I love how this is presented as a new phenomenon.
The question is whether it’s the employer or the employee?
This isn’t new, is it? Someone has finally just given it a name.
I haven’t read the article, but I am curious how this is new or “emerging”… there is nothing new about this.
ETA: Just saw Linda’s comment. So the article is just about the practice now having a moniker?
I agree. This just seems like the standard practice of cowardly managers (or perhaps, in some cases, a way to avoid a lawsuit alleging discrimination etc.).
I guess it would be OK to quiet-fire a quiet-quitting employee though……
I heard a story on the radio about quiet quitting and assumed the article was about that phenomenon. Halfway through I thought to myself that is not at all what they were talking about on the show. Relooked at the title, had a “if you would just read the words rather than assume what it says” moment with myself.
it’s new to the author. Probably a 20-something without a ton of work experience.
Given this is a trend that goes both ways. Yes, the logical choice is to work hard with the right attitude. I’ve also had my fair share of “screwed” with an employer or two because of “quiet firing.” I had one employer who was using admin privileges to literally sabotage my work. Since I’m in IT, I knew exact what and how it was being done, and sent some screenshots to HR with a detailed explanation before I left. I’m fortunate that was an isolated incident.
Nothing new. I’ve seen it happen several times over my 30 years in the workforce.
Had it happen to my department years ago. They wanted to move our work to corporate. Brought in the worst manager ever. Almost everyone quit. Funniest part was when I quit. As I was walking in to the manager’s office a coworker was walking out. She quit right before me. Great feeling.
The funnier part was corporate visited us for a deep-dive. They didn’t realize everything we did. They told management they didn’t have the skills to manage our work. Too late.
It truly was sad. It was a fantastic company when it was a CMU spinoff. Then it got bought. Unfortunately had that happen more than once.
I hate all these new terms. Quiet firing is nothing new. Employers have always tried to make life miserable for the employees they want to get rid off. Quiet quitting is something bad, a few years ago seeking a work-life balance (the same thing) was something good.
This is all part of young workers cluelessness. Most of these workers haven’t even been inside an office 5 days a weeks for much of their work career.
I was just relating a story yesterday about my daughter’s office. They are having a team picnic for everybody who works under a director (so around 100 people). My daughter only goes into the office once and week and many of these co-workers she has never seen in person (including the director himself). They have made this event as pain free as possible - during lunchtime on a work day with various transportation options for people. She is one of the only people in her direct working circle who is attending. She doesn’t understand how others don’t see this as an opportunity to make connections with their coworkers and bosses by meeting them in person.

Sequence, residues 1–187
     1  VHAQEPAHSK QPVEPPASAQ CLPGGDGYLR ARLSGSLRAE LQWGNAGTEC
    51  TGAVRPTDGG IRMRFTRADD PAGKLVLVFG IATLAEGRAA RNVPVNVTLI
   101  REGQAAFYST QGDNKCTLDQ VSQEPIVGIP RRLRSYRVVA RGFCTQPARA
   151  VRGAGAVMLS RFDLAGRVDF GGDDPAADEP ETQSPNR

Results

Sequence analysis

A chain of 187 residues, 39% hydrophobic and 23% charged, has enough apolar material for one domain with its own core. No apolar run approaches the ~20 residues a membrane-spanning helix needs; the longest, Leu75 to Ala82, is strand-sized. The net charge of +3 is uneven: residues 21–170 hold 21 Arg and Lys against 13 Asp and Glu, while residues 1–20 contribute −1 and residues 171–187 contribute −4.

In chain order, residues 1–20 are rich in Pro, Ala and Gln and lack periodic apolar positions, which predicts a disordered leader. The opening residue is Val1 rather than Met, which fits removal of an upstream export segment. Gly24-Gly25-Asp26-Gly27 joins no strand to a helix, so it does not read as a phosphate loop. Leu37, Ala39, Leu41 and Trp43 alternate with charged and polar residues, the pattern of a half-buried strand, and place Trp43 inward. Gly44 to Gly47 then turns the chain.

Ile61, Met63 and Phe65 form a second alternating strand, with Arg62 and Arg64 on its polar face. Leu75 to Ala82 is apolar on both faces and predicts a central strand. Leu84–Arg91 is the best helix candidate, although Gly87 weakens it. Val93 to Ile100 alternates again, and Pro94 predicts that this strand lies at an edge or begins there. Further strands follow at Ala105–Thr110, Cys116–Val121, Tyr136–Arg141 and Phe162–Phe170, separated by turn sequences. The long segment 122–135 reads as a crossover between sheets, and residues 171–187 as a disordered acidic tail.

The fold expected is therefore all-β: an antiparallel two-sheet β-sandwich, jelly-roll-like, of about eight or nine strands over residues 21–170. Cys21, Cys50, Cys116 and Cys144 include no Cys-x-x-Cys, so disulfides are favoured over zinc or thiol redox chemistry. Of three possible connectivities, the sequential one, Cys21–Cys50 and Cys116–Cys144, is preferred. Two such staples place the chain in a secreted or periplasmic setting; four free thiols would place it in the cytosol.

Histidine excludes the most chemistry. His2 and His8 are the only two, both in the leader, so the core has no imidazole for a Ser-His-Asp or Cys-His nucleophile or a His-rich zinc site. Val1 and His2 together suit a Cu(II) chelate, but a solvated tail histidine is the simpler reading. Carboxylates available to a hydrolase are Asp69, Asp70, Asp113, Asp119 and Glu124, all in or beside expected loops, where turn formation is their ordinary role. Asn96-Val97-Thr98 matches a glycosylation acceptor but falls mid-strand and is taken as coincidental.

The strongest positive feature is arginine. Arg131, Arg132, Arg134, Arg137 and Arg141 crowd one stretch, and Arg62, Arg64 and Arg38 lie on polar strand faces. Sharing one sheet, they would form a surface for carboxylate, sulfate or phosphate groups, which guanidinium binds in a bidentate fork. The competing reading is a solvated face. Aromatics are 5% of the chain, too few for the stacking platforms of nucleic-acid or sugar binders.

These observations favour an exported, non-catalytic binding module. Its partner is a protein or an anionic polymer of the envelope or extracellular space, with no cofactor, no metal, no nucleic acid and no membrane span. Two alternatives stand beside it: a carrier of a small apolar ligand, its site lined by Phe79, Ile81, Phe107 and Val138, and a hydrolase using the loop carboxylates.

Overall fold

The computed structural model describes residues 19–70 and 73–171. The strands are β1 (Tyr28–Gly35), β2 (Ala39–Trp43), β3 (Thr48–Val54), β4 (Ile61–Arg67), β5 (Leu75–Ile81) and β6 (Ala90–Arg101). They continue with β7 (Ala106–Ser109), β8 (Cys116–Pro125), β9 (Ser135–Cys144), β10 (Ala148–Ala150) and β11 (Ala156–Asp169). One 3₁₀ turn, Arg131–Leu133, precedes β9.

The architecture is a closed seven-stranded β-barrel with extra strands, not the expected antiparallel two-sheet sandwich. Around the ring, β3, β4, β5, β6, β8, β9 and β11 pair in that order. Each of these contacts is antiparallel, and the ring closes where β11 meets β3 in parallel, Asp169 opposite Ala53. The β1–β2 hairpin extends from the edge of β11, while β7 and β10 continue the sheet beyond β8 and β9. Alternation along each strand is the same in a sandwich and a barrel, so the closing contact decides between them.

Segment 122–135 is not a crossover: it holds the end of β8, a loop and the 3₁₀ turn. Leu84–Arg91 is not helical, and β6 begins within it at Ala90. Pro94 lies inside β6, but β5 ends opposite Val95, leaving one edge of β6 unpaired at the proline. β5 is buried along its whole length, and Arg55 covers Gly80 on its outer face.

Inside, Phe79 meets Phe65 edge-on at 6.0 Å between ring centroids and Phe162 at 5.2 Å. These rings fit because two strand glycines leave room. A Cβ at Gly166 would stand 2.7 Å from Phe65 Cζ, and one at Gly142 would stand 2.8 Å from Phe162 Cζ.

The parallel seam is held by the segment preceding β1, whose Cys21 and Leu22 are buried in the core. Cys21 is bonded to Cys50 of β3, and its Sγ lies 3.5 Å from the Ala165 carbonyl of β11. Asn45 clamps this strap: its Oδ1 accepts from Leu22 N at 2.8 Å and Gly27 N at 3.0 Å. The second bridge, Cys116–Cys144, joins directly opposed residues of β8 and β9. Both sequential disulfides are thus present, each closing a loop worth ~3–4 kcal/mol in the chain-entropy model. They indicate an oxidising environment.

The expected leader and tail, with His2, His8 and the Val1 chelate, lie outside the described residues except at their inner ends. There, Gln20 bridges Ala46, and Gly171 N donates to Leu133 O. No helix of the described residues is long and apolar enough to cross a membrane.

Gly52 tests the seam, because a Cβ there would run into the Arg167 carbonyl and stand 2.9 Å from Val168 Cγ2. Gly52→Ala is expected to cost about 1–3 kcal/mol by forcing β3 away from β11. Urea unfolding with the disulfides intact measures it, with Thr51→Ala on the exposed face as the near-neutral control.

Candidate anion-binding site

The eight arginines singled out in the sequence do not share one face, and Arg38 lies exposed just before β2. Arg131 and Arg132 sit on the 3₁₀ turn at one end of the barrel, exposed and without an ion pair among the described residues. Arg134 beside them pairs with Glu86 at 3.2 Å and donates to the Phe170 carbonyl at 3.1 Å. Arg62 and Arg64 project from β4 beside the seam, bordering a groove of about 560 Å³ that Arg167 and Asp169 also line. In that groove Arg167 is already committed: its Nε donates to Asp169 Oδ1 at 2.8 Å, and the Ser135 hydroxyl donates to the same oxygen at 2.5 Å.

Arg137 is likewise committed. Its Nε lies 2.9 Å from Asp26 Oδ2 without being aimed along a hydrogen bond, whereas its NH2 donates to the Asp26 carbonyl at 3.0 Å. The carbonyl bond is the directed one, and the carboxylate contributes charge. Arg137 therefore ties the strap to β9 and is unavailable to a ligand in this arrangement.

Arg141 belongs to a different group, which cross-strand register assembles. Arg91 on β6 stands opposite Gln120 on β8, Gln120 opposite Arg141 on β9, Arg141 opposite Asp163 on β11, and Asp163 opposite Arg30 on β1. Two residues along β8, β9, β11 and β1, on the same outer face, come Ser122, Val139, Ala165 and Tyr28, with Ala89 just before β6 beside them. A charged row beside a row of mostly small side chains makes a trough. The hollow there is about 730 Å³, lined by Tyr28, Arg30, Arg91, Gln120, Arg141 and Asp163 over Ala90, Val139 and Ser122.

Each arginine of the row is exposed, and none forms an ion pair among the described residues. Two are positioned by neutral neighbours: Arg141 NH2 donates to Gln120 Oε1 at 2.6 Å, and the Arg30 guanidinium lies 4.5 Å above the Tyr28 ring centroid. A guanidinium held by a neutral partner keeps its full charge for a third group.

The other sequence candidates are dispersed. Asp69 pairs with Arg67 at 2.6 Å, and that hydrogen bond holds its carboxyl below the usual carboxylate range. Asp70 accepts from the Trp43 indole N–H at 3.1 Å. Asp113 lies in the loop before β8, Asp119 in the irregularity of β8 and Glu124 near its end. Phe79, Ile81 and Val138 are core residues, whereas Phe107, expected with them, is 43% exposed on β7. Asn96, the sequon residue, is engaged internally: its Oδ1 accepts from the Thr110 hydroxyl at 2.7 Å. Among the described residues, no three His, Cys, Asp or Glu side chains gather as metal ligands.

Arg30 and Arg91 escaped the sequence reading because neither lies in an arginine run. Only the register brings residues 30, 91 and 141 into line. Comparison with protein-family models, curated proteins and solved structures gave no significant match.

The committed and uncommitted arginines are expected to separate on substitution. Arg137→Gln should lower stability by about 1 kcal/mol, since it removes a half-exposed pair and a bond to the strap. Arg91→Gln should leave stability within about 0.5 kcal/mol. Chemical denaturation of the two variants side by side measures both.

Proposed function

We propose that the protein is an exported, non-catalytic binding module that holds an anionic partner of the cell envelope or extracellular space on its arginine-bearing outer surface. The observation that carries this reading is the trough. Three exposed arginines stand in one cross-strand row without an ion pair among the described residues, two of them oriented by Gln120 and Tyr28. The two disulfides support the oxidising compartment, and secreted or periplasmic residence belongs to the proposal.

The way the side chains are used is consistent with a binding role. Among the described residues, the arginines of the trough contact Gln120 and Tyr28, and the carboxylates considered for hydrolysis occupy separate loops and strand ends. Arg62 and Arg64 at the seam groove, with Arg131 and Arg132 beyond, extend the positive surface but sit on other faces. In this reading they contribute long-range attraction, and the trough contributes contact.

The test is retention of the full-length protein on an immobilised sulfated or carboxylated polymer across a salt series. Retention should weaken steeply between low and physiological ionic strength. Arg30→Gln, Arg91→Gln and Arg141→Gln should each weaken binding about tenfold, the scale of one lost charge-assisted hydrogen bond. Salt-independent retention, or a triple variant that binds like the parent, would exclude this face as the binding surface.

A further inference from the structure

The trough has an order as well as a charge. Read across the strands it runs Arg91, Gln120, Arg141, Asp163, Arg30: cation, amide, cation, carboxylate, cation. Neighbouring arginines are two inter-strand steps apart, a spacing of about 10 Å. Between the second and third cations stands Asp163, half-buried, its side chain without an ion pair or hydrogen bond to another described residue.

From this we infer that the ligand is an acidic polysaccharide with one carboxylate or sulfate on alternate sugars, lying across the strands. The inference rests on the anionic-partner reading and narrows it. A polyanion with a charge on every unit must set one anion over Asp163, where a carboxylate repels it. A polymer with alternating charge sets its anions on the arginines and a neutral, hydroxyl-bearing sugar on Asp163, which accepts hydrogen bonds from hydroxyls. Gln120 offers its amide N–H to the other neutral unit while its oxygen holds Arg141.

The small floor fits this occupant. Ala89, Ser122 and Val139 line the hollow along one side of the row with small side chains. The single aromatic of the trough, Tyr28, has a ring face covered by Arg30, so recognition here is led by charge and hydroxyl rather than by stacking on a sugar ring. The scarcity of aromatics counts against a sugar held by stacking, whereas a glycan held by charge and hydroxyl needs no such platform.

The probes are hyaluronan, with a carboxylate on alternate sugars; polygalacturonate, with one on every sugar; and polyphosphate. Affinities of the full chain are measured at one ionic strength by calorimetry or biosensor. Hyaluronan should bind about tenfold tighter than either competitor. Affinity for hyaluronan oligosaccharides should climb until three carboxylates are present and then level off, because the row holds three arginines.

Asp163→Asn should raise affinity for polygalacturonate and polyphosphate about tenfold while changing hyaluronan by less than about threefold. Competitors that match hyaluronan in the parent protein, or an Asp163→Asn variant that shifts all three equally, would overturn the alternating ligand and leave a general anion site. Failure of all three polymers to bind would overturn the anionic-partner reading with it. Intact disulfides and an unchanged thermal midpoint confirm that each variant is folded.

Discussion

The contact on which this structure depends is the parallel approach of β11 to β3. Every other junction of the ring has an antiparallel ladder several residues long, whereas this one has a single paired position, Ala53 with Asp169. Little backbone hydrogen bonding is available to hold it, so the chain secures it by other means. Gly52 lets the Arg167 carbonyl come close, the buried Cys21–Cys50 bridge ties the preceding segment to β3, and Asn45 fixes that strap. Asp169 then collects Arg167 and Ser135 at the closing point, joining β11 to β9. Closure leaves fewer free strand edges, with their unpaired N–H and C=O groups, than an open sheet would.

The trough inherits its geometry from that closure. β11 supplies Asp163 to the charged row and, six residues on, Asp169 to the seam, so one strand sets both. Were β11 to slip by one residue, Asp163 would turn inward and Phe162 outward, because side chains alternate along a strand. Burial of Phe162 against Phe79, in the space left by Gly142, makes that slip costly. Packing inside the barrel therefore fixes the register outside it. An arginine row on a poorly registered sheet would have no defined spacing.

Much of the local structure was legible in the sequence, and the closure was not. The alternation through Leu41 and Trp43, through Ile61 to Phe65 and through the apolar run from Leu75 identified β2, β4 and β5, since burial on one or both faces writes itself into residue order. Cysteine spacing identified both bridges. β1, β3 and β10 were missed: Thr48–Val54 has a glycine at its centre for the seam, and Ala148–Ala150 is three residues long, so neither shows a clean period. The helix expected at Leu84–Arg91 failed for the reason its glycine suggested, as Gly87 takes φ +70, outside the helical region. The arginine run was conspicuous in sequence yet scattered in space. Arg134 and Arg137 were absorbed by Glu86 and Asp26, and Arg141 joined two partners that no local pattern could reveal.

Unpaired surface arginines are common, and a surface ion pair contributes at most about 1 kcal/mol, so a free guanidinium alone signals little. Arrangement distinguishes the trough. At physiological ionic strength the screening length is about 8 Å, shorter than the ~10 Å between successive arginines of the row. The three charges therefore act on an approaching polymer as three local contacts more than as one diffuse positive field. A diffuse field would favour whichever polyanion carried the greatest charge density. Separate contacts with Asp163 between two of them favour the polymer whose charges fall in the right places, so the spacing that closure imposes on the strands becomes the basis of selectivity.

You make a good point! I get that lots of employers don’t treat employees well or don’t pay them fairly. But, we also seem to act like work is something people are supposed to hate and that employers are the bad guy…
I get that not everyone likes their job, but I like my job and I enjoy going in and my employer treats me well. Then again, I do well at my job and I don’t expect to get rewarded just for showing up. I also feel that I have good work life balance.
Not new. 110 million years ago it was part of my ‘welcome to being a manager’ training at Westinghouse.
Must’ve been at least 35 years ago–the supervisor kept getting their office moved–until it was a closet.
It was at least 50 years ago my dad talked about somebody that absolutely no one wanted and couldn’t do the job. No other choice but to promote the person out of the office. Dilbert principle in action long before Dilbert existed. (vs. the Peter principle).
Not to be redundant and repetitive, but…
Not promoting, giving smaller raises, and not giving large responsibilities to under-performers is not exactly new.
30 years ago in an I banking training program our very first speaker welcomed the class and said “this is not a career where employees can pretend to work and or employers can pretend to pay. All that matters is your effort, contribution and results.” The message was pretty clear.
The firm was notorious for RIFing (reduction in force) the bottom 10% of employees annually based on perceived poor performance. It was rare that someone was surprised when exited. Feedback was in real time and constant. This dynamic largely remains but isn’t as overt.
This “disturbing trend” seems industry specific as Wall Street firms approach remains relatively consistent over the years. Personally I prefer the directness of what I experienced Vs this discreet approach through marginalization.
I’ve had this happen to me twice in my career. The first was way back in the Dark Ages of 1972. My manager, who was bipolar and an alcoholic, consistently tore me down – told me that the way I walked around the office and the way I dressed was stuffy and didn’t fit into the office. I pulled myself up and said to her, “I don’t think I can work here anymore.” She responded with, “Then quit!!” and I thought, ■■■ did I just do to myself?
I second time I was much more experienced and mature. I knew my manager was purposely making my life miserable and wanted me to quit, but I wouldn’t quit because I wanted a severance package. She finally did something that I reported to HR as harassment, and I got the package and a few other goodies.
It’s good to have experience.
And Yes, this is certainly not a new phenomenon.